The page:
Molecular Pathology of the Thalassaemia Syndromes

  • S. L. Thein
Part of the Developments in Hematology and Immunology book series (DIHI, volume 30)


The thalassaemiasare a heterogeneous group of inherited haemoglobin disorders characterizedby a reduced output or absence of one or more of the globin chains. The common forms α- and β-thalassaemias, are among the most common genetic disorders in the world. There is increasing evidence that heterozygotes for thalassaemia are protected from the severe effects of falciparum malaria, this selective advantage has greatly increased the gene frequencies of many thalassaemia alleles throughout the tropical and sub-tropical regions [1]. Both α- and β-thalassaemiashow a wide spectrum of clinical phenotypes ranging from severe anaemia and transfusion dependency in the homozygotes and compound heterozygotes to extremely mild forms which are clinically and haematologically silent, the so-called “silent” carrier states [2]. Furthermore, because the thalassaemias exist at a high frequency with the haemoglobin variants like Hb S, E and C in many populations, individuals may inherit more than one type giving rise to an extremely complex spectrum of clinical phenotypes. As the molecular pathology of the thalassaemiasare being characterized, it has become possible to relate these heterozygous clinical phenotypes to the underlying genotypes.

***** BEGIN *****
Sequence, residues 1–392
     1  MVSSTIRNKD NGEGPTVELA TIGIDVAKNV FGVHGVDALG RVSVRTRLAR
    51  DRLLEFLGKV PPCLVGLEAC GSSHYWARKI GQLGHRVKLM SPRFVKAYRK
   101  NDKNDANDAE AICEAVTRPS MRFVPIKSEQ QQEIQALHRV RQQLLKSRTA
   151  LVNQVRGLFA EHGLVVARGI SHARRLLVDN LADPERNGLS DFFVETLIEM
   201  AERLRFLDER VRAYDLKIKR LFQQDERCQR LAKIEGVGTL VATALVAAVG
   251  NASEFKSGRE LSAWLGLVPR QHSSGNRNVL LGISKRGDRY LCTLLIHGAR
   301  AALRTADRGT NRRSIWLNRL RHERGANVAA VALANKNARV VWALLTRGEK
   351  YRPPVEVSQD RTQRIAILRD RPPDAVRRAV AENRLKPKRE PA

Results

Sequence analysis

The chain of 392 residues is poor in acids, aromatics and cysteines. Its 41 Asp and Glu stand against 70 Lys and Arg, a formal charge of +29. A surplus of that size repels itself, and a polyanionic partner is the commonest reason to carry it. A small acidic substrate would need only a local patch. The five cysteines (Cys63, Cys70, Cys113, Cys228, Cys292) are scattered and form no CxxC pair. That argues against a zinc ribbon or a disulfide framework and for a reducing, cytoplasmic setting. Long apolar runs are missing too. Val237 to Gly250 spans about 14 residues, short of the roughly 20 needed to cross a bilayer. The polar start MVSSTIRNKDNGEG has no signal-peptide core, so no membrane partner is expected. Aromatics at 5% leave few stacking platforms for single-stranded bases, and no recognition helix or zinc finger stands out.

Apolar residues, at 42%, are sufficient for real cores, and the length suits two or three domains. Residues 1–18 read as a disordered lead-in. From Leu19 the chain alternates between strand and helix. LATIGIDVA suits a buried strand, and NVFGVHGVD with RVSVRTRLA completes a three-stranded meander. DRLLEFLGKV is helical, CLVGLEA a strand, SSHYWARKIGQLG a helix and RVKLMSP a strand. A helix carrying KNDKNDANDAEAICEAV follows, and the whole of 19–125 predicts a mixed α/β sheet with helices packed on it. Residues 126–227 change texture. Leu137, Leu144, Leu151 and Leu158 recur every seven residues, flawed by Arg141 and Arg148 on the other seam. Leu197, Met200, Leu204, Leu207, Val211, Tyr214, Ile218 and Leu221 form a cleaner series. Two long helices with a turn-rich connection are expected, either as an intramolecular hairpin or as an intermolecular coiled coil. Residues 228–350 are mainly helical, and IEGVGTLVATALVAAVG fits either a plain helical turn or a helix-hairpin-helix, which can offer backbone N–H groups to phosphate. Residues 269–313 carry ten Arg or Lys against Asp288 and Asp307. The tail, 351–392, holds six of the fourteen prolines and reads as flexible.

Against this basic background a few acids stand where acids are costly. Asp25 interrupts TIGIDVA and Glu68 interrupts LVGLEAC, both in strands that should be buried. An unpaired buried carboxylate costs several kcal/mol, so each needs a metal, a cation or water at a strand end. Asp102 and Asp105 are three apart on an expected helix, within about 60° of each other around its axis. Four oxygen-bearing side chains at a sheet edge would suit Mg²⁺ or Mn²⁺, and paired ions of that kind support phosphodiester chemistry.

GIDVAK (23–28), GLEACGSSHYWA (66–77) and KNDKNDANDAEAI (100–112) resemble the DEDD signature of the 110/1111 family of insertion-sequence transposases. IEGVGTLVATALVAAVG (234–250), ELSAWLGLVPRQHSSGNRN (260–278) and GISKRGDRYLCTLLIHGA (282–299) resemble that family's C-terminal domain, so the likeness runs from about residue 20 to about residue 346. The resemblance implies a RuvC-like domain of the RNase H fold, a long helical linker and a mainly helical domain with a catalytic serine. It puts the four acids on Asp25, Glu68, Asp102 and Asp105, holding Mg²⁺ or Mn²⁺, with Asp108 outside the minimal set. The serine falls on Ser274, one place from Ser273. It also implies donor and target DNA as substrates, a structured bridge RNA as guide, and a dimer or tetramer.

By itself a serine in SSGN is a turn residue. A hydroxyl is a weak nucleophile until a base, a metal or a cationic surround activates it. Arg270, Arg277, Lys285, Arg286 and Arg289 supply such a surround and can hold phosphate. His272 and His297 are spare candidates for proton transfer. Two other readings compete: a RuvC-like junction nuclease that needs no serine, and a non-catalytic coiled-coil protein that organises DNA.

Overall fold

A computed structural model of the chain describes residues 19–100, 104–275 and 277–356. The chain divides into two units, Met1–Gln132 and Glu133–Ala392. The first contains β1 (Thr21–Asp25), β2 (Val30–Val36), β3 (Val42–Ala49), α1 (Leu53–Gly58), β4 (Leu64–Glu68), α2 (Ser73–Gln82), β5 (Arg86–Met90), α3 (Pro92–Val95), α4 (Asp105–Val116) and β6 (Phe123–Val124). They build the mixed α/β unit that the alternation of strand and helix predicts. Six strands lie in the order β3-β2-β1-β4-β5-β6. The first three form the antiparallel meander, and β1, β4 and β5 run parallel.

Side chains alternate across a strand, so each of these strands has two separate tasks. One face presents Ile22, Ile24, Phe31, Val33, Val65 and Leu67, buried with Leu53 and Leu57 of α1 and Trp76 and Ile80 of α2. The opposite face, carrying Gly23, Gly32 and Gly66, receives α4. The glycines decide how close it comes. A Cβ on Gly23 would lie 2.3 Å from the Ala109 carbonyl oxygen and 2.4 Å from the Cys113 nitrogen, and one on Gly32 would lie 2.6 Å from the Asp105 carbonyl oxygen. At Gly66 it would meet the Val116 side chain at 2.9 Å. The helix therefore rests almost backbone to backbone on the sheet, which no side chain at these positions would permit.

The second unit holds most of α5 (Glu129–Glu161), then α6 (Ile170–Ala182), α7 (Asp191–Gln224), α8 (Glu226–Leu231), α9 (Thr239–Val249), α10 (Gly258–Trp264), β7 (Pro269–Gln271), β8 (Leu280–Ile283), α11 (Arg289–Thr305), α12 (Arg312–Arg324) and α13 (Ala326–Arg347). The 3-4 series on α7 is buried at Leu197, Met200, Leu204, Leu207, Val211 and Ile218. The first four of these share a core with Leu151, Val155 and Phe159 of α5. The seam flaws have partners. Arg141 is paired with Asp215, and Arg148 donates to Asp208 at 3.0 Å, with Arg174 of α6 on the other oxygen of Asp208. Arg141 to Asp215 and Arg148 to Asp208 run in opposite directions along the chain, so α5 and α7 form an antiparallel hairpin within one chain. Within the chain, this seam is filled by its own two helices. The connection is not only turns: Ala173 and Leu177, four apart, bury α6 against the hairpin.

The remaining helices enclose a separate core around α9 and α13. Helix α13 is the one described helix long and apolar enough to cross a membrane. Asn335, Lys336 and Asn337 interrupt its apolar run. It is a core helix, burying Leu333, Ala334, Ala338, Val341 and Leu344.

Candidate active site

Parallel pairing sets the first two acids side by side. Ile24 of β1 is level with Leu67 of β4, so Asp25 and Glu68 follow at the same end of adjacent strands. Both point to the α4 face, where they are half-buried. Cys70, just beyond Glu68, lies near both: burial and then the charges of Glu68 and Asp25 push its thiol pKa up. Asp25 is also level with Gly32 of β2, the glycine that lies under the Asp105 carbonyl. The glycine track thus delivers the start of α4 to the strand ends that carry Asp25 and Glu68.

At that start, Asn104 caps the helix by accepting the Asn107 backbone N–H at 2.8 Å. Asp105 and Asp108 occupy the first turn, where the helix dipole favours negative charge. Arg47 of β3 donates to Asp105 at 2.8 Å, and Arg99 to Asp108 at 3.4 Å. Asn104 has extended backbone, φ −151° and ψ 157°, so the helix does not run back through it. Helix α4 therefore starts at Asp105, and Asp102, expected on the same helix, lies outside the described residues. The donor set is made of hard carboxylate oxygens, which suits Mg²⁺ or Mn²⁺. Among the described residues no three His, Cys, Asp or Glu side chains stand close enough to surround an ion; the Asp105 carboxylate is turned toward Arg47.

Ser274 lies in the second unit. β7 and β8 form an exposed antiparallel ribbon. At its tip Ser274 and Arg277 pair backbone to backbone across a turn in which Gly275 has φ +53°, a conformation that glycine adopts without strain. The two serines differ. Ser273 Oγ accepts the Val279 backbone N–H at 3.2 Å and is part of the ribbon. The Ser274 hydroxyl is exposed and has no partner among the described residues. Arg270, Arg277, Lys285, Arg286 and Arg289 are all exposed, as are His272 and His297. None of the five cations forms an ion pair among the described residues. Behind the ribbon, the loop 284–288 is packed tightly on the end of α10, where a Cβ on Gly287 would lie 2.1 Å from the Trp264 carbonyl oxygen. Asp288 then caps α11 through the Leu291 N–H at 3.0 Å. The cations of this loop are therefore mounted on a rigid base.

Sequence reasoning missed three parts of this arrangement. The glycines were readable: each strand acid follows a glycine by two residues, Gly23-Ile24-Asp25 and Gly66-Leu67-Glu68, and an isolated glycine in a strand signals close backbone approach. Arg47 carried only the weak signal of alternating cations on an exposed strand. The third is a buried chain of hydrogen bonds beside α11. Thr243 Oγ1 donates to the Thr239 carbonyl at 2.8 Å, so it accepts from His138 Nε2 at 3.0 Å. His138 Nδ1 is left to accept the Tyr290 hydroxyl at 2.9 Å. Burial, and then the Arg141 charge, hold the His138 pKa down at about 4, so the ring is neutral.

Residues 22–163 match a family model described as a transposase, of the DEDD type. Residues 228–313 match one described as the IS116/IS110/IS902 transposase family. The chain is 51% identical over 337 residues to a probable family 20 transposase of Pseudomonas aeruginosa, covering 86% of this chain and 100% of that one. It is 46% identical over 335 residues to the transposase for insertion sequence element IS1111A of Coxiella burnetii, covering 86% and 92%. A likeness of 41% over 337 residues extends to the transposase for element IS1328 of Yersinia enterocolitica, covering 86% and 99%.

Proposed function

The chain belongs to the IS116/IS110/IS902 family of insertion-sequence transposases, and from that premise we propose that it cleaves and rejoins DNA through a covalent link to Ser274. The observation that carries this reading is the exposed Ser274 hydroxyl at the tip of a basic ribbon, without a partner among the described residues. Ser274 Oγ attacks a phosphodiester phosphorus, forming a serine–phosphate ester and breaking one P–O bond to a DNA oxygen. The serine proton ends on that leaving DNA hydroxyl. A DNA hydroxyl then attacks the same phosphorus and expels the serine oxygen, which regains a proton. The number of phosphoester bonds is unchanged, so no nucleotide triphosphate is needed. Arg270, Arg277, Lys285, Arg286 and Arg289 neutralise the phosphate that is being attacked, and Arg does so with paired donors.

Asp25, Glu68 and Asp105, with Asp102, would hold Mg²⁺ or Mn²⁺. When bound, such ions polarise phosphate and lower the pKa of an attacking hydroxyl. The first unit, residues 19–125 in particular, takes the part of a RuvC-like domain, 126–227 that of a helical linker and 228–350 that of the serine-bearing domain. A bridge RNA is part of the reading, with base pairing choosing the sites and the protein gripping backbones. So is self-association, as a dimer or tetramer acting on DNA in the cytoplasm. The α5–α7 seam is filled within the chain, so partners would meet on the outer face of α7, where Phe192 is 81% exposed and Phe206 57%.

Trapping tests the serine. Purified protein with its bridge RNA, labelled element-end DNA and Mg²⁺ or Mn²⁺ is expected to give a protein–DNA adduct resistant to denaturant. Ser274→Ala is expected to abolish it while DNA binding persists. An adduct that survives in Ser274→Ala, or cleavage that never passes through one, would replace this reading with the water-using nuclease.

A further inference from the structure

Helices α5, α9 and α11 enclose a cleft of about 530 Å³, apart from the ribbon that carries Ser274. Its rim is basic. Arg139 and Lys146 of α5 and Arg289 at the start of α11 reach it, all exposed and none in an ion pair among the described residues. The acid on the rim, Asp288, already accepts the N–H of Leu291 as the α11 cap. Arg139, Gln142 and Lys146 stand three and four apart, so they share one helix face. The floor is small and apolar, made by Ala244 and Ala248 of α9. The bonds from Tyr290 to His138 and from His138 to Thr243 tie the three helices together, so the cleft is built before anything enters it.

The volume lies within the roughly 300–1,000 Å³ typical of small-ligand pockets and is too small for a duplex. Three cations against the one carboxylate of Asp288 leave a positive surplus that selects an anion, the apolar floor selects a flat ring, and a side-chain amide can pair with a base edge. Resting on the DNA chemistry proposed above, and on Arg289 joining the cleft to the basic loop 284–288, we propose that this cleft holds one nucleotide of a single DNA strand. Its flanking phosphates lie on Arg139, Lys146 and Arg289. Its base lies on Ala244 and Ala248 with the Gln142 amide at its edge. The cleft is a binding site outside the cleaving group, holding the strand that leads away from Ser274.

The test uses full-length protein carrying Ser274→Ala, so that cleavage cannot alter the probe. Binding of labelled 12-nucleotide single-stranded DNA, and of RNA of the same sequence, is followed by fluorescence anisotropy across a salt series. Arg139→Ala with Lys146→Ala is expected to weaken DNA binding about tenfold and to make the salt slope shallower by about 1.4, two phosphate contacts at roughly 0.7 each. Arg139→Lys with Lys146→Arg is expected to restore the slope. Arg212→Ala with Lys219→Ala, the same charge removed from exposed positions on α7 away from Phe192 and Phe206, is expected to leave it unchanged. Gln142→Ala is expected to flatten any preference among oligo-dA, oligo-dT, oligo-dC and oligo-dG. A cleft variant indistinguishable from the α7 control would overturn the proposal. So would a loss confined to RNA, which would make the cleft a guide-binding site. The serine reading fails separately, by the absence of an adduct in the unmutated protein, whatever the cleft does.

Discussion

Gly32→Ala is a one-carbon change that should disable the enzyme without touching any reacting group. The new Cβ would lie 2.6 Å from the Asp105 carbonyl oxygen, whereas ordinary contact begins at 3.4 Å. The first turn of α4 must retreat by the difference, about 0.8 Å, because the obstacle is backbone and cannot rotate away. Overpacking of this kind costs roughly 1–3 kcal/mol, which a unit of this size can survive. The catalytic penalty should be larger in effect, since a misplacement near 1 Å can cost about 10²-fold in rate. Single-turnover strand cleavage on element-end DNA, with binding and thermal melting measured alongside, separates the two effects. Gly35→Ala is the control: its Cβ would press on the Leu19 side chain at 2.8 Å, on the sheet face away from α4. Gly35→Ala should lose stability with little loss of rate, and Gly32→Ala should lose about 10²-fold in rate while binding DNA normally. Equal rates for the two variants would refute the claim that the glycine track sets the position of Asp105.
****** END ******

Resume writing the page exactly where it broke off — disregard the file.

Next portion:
Globin Gene Globin Chain Ineffective Erythropoiesis Thalassaemia Syndrome Chain Imbalance 
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© Springer Science+Business Media Dordrecht 1995

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  • S. L. Thein

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